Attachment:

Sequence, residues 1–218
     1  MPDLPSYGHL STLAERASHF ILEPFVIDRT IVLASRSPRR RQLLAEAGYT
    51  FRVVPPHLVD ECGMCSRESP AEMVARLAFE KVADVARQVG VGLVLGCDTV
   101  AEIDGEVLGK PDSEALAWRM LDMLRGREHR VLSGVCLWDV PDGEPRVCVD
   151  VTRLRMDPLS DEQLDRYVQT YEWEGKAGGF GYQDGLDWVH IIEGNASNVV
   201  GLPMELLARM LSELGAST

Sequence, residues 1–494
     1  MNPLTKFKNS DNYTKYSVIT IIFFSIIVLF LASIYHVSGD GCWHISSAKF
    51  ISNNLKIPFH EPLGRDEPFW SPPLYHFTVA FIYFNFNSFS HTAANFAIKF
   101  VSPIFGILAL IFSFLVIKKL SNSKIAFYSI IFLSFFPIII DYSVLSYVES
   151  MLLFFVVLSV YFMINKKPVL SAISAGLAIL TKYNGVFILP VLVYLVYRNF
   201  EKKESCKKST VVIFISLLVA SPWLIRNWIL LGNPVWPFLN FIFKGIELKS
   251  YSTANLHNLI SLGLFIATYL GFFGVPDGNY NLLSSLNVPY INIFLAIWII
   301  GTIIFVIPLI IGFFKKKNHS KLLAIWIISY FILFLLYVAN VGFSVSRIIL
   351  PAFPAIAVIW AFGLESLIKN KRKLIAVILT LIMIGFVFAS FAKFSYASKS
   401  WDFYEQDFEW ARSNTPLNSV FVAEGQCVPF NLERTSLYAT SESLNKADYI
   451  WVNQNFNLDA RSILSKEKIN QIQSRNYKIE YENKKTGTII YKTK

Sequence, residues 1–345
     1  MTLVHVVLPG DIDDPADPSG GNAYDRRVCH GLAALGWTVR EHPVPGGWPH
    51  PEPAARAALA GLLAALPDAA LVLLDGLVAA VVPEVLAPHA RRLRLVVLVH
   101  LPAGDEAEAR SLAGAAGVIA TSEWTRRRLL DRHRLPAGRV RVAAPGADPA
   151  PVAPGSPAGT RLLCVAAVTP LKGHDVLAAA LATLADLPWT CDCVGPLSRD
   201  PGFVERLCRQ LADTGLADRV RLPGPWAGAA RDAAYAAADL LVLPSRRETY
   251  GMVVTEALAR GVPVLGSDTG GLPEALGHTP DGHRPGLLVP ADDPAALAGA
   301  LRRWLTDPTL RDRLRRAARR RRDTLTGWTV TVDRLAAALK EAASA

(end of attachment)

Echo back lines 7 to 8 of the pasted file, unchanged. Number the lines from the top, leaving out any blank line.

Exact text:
Sequence, residues 1–494
     1  MNPLTKFKNS DNYTKYSVIT IIFFSIIVLF LASIYHVSGD GCWHISSAKF